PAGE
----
VILLAIN TYPE 3: The Revisionist
The Revisionist Villain. Photo Credit: Primeimages - 143177201. gettyimages. 5 Evil Mastermind Archetypes INTJs Love.
Photo Credit: Primeimages – 143177201. gettyimages. Photo Credit: Primeimages – 143177201. gettyimages.

The Revisionist

The Revisionist Villain wants to tweak a broken system. It is much like taking the INTJ’s love of streamlining a system and turning it into the sole motivation for the villain. The revisionist sees inefficiencies in the system and, using their flawed sense of logic, identifies a way to revise the system. Whether the solution is an exploitation of loopholes, or blowing up the system altogether, the revisionist is working to fix things…from a certain point of view.

Why INTJS Like the Revisionists

As systems thinkers and builders, INTJs like a villain who is working to refine a system. The revisionist motivation is clear, and understandable.

VILLAIN TYPE 4: The Wounded Villain
The Wounded Villain. Photo Credit: Renphoto - 186823434. 5 Evil Mastermind Archetypes INTJs Love.
Photo Credit: Renphoto – 186823434.

The Wounded Villain

This Villain is common in revenge plots. In a revenge plot, she is the poor, beleaguered soul who is taken advantage of, or who is victimized by circumstance. She is no Cinderella; however, riding away from her problems with a handsome prince. Instead, she gives us a sense of catharsis when she stops allowing herself to be bullied, and takes revenge on her tormentors for their crimes against her. Yes, to forgive is divine, but when you’ve been done wrong, it’s also human nature to want to see the person who hurt you get their comeuppance. And the quote, in its entirety states, “To err is human, to forgive divine.” We’re only human, after all.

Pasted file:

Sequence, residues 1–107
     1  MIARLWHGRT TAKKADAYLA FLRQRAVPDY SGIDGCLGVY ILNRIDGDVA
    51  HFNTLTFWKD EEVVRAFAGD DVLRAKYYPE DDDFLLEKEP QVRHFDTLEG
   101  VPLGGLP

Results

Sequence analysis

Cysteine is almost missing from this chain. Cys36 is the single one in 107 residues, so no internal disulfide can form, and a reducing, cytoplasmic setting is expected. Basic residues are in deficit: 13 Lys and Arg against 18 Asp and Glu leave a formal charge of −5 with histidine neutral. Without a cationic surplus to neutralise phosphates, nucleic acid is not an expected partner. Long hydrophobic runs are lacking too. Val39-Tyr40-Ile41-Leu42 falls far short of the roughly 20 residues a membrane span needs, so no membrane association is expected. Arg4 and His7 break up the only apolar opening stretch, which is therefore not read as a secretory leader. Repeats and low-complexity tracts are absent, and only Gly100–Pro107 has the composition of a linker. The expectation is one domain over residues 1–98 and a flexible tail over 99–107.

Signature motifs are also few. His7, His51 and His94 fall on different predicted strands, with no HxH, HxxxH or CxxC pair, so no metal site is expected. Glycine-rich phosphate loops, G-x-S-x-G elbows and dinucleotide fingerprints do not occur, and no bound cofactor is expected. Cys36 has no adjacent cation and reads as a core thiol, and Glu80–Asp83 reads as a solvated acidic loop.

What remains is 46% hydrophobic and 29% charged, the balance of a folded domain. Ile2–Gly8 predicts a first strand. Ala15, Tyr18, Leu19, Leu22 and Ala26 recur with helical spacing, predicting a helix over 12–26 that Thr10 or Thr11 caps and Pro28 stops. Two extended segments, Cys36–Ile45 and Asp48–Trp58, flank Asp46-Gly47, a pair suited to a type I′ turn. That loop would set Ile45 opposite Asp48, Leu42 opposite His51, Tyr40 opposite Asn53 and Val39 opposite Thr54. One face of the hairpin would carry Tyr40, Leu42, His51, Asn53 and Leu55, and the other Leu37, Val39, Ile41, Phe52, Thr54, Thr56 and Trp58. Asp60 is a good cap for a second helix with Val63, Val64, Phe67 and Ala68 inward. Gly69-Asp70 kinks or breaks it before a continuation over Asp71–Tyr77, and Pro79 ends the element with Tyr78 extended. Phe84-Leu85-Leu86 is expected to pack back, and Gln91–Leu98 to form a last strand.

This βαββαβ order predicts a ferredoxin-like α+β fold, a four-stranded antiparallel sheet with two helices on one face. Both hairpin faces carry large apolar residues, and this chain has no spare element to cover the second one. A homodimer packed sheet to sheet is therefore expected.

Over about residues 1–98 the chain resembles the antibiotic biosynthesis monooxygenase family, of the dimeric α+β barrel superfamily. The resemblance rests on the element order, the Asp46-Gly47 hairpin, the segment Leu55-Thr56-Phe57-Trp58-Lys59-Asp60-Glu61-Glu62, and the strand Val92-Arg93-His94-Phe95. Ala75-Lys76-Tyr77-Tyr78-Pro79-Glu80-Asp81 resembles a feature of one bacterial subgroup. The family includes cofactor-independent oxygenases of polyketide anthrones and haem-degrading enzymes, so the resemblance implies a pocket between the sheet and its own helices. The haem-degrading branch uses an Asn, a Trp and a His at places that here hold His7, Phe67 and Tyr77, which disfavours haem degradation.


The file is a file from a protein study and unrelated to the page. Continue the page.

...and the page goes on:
Why INTJS Like The Wounded Villain

The wounded villain may seem like an odd villain for an INTJ to like, but they give INTJs a sense of catharsis as we see revenge enacted. In real life, revenge plots are not a good idea. INTJs tend to go for “I told you so” instead. In a fictional world where things are more cut and dried, it can be great to see a masterful revenge plot, one in which justice is served.

VILLAIN TYPE 5: The Complicated Villain
The Visionary Villain. Photo Credit: Colin Anderson - 169983619.
Photo Credit: Colin Anderson – 169983619.

The Complicated Villain

The complicated villain is…complicated. They aren’t pure evil. They have a “good” side. They have a normal side. They’re human. The complicated villain is complicated in that there is nothing to clue  you in to the fact that they are the villain. They prove that villains are just as human as the hero, that villains can be complicated too.

Why INTJS Like the Complicated Villain

The complicated villain seems more real, more 3D than other villains, and this means there are more nuances for the INTJ to dissect. When a character seems real, it makes their actions and decisions feel that much more important. This type of villain is endlessly interesting to the INTJ, who loves depth of character. Humans have both good and bad sides, and it’s refreshing to see a baddie get to have a good side too.